Haberdashery

OK, this is a bit of a fashion post, so feel free to skip it if you don’t have a great deal of interest in hats.

I am a person of pallor. A quick look at me tells the world that a sizable chunk of my DNA comes from far northern Europe, most likely Hibernia or north of Hadrian’s Wall. My ancestors lived in cool, cloudy, damp climes where the ability to soak up every last bit of vitamin D could make a critical difference in their health. As a result, my coloration is politely described as “fair.” Or, as a friend says, “Damn, you’re pale!”

Because of this, and living at a relatively high elevation in a sun-drenched climate, I have become somewhat of an expert on hats. It’s easy to find long-sleeve shirts and long skirts and trousers, but good hats are a bit more of a challenge. And before anyone asks, I tried sunbonnets. You have zero peripheral vision, and if you think people look at you funny in a hat, wear a sunbonnet with a business suit. Yeah. Calico and pinstripes clash terribly.

I tend to favor felt hats for work and for fall, winter, and spring, and canvas for casual and in summer. My absolute favorite felt is a good Akubra, either a Drover or Snowy River crease, with a stampede string or leather chinstrap. No, these are not inexpensive. Last I looked, they were up to $150 per hat. When you work that out to, oh, 250 wearings per year for five to ten years (depending on usage), it’s not quite so painful. Akubras flatter my face, last if you take care of them, and don’t smell like a wet sheep when they get wet. I have a Stetson as well, and it’s not bad, but I prefer the lower crown and different crease on Akubra hats. My winter cold-weather hat is a thinner felt (crushable) with earflaps and a chin-strap. Or a Tilley pork-pie in a dark tweed with ear-flaps, for dress. Or a mad-bomber type hat in rabbit with ear-flaps, if cold is more of a worry than sunlight.

In summer, when I’m not dressed up, I tend to favor Tilley or Tilley-style hats. Canvas is cooler than wool felt, and if I sweat-stain a cheap canvas hat, I can either rinse it out or toss it at the end of the season. And they can be rolled up, sat upon, packed, and otherwise flattened without suffering too much, unlike straw hats. I recommend at least a two-inch brim, preferable three. Five inch brims tend to get in the way, and I’m not certain the greater shade balances the inconvenience. And a five-inch brim on a canvas hat tends to scream “I’m wearing a sunhat!” On the other hand, if you don’t like making eye-contact, a slightly droopy five-inch brim may be exactly what you want.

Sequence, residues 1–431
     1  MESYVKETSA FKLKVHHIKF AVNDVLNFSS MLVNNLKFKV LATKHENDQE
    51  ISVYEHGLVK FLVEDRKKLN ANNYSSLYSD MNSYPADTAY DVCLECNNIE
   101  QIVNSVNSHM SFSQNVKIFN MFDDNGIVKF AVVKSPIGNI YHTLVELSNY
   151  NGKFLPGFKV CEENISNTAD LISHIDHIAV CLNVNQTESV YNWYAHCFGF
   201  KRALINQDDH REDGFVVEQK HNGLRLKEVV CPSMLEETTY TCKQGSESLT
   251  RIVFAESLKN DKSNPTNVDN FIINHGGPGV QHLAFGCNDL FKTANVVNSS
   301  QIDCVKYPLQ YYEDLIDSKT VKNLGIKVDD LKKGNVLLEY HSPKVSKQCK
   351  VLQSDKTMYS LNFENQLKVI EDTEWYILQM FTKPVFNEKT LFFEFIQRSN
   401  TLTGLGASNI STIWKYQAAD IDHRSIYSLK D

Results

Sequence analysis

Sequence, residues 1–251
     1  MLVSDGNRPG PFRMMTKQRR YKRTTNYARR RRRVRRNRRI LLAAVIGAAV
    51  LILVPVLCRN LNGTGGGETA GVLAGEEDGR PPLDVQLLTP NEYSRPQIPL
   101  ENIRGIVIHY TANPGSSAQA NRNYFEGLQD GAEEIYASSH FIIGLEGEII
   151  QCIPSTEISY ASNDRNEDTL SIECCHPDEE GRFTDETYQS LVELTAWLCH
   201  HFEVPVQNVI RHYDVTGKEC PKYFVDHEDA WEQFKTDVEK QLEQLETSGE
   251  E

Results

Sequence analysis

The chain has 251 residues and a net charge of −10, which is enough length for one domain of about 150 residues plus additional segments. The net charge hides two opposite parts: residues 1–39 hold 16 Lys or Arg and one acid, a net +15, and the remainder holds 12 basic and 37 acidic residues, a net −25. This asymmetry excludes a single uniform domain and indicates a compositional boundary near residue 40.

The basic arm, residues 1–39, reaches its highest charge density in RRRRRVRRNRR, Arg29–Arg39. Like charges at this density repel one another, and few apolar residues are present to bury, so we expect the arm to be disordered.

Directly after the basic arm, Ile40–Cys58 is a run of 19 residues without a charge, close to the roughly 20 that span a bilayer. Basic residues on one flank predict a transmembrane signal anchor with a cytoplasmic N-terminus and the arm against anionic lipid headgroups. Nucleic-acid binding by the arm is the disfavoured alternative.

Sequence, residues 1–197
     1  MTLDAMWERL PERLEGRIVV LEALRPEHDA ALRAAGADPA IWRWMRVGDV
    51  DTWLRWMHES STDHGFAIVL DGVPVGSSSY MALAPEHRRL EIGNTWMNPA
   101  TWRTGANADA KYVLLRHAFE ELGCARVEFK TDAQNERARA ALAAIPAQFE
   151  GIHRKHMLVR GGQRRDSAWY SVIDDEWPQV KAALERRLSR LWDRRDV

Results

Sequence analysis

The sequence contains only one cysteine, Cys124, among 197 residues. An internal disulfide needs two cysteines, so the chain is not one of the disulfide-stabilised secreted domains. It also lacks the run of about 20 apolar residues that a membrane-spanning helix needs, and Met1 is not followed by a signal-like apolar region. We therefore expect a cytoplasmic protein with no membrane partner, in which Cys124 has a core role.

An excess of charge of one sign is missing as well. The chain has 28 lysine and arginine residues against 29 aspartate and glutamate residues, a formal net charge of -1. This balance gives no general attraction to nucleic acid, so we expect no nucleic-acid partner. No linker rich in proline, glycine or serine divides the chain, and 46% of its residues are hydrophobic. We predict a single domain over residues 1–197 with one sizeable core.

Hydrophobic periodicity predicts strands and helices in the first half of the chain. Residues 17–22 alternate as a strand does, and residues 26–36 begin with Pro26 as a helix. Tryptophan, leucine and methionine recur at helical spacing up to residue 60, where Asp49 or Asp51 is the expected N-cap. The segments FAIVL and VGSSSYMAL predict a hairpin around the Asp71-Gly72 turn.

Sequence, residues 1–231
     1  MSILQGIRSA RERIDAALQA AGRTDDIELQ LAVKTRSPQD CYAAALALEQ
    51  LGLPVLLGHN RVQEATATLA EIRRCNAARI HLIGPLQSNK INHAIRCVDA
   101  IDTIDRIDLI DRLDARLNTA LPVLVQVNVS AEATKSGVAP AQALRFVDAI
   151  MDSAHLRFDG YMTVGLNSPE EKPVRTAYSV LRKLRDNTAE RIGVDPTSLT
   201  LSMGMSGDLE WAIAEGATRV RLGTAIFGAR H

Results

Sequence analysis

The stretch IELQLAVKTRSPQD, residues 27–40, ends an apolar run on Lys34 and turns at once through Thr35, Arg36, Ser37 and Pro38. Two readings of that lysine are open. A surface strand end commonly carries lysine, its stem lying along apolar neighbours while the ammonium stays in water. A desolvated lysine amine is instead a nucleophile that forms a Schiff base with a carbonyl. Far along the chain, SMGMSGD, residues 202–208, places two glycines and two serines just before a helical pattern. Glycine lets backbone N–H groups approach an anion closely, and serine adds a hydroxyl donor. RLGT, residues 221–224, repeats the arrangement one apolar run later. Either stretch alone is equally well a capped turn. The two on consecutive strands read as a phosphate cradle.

And then there’s my Victorian and Edwardian confections, with the wide brims, netting, lace, fake flowers, feathers, ribbons, and other trim. I don’t recommend them, unless you have a certain attitude and live in an area of light winds.

Your hat, if you choose to wear one, should fit well. Loose hats get in your eyes, flop around, and tend to blow away. Tight hats stretch out of shape, are uncomfortable, and make your hair look even worse. A good hat should, if not flatter your face, at least not make you look silly. I lean to browns and dark greys. White or very pale tan hats are both expensive and prone to collect every bit of dirt in the county. Black seems to trap heat and show dirt and dust, plus you may be mistaken for a country music person. This may or may not be desirable. Note that I’m referring to nicer hats. What you wear in the yard or on the hiking trail is whatever you happen to like, but they should still fit.

Hat manners vary from place to place. If I am wearing a man’s hat, which is most of the time, I take it off when I go indoors, unless indoors is a hangar, rodeo arena, or the like. Some people argue that cowboys can wear their hats indoors, and for a dress hat that is part of an outfit, I’m inclined to agree, but otherwise, off it comes. I tend to remove my hat for the National Anthem and Pledge, and for invocations, unless I am wearing a woman’s hat. This is in part because of logistics, because I often pin my Edwardian hat to my hair.

Storing your hats isn’t a big deal. People say to keep them on their crown so the luck doesn’t run out. I tend to put mine brim down, unless I’m using it to hold stuff for the moment. Some people use hat boxes and cases for their really good hats. I stack mine loosely, and dust them when needed. Don’t wear a cheap plastic baggie over a hat in the wet, or store one when it is still wet. And do not, under any circumstances, dry a soaking wet wool hat on a heater or radiator. First, it ruins the felt. Second, if it’s a cheap hat, the place will smell like wet sheep for days. Trust me. Two years later, I still had people from that dorm walking past and saying “baaa” under their breath.

Advertisements